HUNTINGTON, W.Va. — Marshall President Brad Smith says the university is doing well, but there are areas that need to be improved.
At a Board of Governors meeting last week, Smith started by speaking about “The Big Five,” which includes strategic enrollment management, pricing, student experience, digital marketing and a distinct strategy.
He added that the university hired a firm to review the pay gap between faculty.
“We consulted with an outside firm to come in and look at our pay practices and make sure we had no unintentional discriminatory practices, I reported out the last time we found no systemic bias, but we did find 80 individuals whose pay variances we could not explain based on experience, so we made changes to their pay in December,” he said.
The firm has now been contracted to return every two years to maintain equity.
Smith said he feels optimistic about the university’s legislative and economic development.
“With the legislature, we’ve been very clear about the priorities that we are focused on, and we have aligned these priorities with our peers and higher-ed; we went in this legislative session is accessible, affordable education, Marshall for all,” he said. “We are amid a very busy Charleston; Our hard-working elected officials have put forth 2200 bills – 65 of which are directly affecting education. “Throughout the year, we have actively engaged with our elected representative. We’ve partnered closely with them to advance the prosperity in this status.”
Smith added that the areas of needed improvement are student enrollment, fiscal performance, fostering a culture of transparency, Title IX practices and executive ideas.
“Our fall enrollment finished down almost 3% despite metro growing, despite online growing, and despite our student retention, those who come to school are staying in class, all going in the right direction,” he said.
“We have $305 million in revenue and $330 million in expense; that’s not the model we need, so we have a game place in place to strengthen our financial resiliency,” he said.
“We have to work on culture transparency and trust; I hope you are feeling and experiencing, we’re openly communicating where we are, facts are friendly even if you don’t like the story,” he said.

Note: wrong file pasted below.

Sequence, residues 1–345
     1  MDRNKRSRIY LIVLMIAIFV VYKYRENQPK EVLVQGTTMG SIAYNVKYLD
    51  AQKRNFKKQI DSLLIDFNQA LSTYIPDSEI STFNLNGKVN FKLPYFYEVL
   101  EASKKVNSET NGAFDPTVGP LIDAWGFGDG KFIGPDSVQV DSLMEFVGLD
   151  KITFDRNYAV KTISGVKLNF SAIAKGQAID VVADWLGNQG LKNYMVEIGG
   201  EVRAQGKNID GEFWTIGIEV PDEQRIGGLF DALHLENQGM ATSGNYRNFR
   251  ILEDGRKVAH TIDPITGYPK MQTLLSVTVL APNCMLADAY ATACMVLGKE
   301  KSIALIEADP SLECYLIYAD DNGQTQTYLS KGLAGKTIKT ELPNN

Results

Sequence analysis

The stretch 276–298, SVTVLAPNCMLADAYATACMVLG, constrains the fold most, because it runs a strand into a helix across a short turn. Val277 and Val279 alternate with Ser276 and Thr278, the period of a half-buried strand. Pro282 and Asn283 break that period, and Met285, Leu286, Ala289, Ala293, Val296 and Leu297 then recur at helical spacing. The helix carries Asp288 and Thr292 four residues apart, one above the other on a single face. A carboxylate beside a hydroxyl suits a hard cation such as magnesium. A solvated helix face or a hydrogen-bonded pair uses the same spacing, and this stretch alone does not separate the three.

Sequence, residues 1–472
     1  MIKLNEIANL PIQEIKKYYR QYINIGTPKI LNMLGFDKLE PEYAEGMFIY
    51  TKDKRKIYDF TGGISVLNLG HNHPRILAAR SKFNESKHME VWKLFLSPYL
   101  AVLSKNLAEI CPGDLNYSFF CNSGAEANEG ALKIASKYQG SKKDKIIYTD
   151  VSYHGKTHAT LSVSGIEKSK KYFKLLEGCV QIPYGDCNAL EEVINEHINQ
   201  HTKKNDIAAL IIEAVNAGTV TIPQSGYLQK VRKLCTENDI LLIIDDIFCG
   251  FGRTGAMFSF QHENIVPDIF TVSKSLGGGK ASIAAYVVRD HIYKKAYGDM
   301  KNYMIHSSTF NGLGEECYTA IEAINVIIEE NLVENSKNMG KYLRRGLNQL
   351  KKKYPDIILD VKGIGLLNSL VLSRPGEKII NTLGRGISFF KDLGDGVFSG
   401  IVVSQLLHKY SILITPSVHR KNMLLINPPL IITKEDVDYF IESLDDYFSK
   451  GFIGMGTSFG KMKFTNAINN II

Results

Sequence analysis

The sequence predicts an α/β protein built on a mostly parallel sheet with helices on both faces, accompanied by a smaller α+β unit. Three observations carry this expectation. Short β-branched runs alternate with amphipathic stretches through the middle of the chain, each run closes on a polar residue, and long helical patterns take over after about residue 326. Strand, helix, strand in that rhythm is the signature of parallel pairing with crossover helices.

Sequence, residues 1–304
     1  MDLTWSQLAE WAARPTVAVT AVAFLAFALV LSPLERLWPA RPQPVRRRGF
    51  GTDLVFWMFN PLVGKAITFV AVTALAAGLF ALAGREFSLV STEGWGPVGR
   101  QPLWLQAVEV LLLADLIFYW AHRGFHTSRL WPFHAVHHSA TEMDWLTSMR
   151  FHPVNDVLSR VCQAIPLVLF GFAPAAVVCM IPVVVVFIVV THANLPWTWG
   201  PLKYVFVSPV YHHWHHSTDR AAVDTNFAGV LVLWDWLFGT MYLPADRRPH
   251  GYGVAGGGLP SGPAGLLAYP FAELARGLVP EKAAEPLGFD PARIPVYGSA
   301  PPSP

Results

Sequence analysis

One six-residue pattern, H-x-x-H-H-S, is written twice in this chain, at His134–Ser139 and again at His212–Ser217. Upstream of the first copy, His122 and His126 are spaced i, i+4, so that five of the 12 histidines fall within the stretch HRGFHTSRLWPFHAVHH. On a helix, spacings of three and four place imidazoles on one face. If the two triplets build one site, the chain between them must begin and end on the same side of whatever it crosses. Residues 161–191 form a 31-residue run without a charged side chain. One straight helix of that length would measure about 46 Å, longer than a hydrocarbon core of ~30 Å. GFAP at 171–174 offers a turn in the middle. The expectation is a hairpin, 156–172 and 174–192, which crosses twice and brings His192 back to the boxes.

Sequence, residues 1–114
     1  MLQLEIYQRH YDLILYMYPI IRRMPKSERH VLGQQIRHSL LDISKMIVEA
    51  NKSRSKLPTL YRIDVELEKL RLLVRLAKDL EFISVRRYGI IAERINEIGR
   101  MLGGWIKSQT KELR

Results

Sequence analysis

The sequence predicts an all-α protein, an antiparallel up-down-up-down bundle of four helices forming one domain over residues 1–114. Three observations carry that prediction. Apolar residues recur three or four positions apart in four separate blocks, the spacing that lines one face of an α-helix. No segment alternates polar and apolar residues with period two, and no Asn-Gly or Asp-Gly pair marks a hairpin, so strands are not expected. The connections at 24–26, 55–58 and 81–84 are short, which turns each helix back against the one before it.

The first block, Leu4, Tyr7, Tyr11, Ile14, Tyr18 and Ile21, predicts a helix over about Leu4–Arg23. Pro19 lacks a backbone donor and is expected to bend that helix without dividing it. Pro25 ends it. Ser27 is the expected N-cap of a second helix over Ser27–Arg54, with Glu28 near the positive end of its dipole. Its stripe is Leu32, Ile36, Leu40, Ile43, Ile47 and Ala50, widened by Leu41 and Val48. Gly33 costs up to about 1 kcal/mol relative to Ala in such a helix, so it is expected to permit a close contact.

“With Title IX, it becomes clear that we have process, empathy and expediency issues that we need to address; I will tell you I am delighted with the work that’s being driven by the Title IX task force, the majority of whom are students,” he said.
Smith also pointed out positives with the athletic department in Athletic Director Christian Spears.
“Christian Spears has brought vision and energy in for our athletic department, he’s recruited top talent, he’s increased fan engagement, he’s building better experienced for our student-athletes who in return are massing wins, we are creating new revenue streams,” he said. “All of this while transitioning to a very competitive conference, also, by the way, getting a new baseball stadium built.”
Smith believes Marshall has made significant progress.
“I think we’ve made meaning progress against “The Big Five” that over regret decisions, we are increasingly embracing a one Marshall mindset, we are at the table with the legislature and with economic development opportunities, we are re-imagining our academic student, our student-athlete and our fan experience,” he said. “We still have heavy lifting ahead with enrollment, strengthening our financial position, improving the culture of transparency of culture and trust, becoming the gold standard for Title IX and accelerating our ability to move with speed and agility.”
Story by Chayce Matheny